Blogs and media censorship – Iran and Sri Lanka

“Given the repressive media environment in Iran today, blogs may represent the most open public communications platform for political discourse. The peer-to-peer architecture of the blogosphere is more resistant to capture or control by the state than the older, hub and spoke architecture of the mass media model.”

The very same could be said of the blogoshere in Sri Lanka today.

Read the fascinating study, Mapping Iran’s Online Public: Politics and Culture in the Persian Blogosphere, conducted by the Berkman Center for Internet and Society here.  

Also read:

6 thoughts on “Blogs and media censorship – Iran and Sri Lanka

  1. Yako Dayan,

    We may be worse.

    Amongst other things, in Iran I doubt you have morons disguised as Government MPs who storm into State broadcasting facilities, Police who try to abduct journalists or hold journalists in custody without any charge, a regime that shuts down media houses and stifles critical voices, openly says it wants to hack websites, blocks others, a Defense Secretary who calls up and threatens senior Editors (and issues bogus VISAs, but I guess being at the front lines of diplomacy, you wouldn’t know too much about what happens back home) and openly says that if he were President, he would be in favour of stronger censorship or senior Government Ministers and Public Servants who shoot their mouth off on media freedom and openly threaten media personnel.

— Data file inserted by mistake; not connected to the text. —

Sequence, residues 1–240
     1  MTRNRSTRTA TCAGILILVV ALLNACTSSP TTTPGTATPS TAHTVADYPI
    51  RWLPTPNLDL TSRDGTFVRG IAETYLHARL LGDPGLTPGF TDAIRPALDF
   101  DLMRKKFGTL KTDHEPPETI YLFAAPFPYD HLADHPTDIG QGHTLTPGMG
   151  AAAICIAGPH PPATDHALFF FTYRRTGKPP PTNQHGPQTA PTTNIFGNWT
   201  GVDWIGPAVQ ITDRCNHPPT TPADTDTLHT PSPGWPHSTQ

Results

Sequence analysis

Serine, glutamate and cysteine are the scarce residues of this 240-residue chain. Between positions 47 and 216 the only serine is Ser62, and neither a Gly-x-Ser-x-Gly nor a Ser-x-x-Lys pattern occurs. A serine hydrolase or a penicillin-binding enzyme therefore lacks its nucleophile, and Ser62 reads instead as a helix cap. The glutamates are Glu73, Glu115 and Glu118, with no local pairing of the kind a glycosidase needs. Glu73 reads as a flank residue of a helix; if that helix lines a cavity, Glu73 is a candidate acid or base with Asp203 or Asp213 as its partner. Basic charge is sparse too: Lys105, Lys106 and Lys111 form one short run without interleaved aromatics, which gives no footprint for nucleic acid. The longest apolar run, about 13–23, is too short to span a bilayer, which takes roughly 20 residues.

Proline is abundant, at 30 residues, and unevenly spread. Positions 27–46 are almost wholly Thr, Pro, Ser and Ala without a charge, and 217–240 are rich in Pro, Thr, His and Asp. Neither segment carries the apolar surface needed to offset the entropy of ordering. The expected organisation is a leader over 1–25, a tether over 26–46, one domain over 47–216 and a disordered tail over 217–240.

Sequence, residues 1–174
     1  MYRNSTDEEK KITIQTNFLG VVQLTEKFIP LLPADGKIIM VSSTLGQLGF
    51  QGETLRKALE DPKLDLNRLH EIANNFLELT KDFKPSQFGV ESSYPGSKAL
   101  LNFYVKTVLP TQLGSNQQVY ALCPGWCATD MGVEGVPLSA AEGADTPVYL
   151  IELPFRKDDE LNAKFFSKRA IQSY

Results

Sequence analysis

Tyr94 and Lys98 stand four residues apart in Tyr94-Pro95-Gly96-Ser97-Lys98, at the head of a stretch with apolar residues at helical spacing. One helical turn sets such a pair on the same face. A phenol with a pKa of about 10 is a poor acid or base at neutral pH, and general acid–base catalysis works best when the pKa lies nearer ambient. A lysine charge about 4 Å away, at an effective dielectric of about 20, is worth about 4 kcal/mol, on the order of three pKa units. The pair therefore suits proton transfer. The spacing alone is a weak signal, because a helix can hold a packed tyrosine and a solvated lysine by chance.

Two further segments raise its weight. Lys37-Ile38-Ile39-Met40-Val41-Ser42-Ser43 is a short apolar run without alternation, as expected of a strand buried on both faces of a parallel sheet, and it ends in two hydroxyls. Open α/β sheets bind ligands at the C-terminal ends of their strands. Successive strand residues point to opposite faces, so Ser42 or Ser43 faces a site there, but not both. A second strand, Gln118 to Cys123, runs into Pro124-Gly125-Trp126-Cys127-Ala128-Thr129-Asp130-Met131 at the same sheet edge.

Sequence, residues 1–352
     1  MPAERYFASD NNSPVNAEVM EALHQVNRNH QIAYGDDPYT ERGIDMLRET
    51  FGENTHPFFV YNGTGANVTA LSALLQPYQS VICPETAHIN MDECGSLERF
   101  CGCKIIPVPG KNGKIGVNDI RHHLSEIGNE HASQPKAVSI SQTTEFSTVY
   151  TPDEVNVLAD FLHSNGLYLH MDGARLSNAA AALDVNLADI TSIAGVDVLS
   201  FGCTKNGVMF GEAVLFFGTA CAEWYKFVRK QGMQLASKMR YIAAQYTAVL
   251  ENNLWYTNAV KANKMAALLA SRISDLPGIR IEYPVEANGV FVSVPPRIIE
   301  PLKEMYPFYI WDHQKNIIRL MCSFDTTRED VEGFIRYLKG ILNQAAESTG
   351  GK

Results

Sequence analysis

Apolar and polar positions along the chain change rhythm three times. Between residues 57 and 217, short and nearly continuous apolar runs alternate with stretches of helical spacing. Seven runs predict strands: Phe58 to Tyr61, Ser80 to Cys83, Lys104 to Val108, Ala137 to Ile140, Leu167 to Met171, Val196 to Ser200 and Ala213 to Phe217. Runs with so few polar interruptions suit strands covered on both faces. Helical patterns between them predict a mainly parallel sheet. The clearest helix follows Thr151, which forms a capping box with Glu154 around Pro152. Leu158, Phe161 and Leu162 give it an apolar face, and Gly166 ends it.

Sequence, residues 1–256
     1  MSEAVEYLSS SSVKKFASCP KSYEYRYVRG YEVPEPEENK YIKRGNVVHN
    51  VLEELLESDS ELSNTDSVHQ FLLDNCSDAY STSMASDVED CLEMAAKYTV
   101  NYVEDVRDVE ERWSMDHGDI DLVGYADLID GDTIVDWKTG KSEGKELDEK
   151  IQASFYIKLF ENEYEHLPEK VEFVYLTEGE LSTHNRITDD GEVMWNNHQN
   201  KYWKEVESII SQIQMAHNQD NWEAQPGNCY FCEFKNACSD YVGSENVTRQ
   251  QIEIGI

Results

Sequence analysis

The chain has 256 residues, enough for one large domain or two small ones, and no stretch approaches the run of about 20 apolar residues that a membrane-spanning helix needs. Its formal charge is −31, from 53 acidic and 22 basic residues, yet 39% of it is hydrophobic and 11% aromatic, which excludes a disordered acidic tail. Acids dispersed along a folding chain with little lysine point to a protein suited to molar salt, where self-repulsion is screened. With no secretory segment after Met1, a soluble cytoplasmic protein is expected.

And this isn’t even taking into account that which the LTTE and TMVP are responsible for in the North and East of Sri Lanka over the years, which for some odd reason, are facts more publicised by the Government.

    But then again, you did find Russia under Putin to be spiffy, so I guess things in Sri Lanka’s problems with media pale into insignificance. Here’s an idea – maybe the “mission with a Mission” can do a piece on this. Shaggedelic baby, yeah!

    Sanjana

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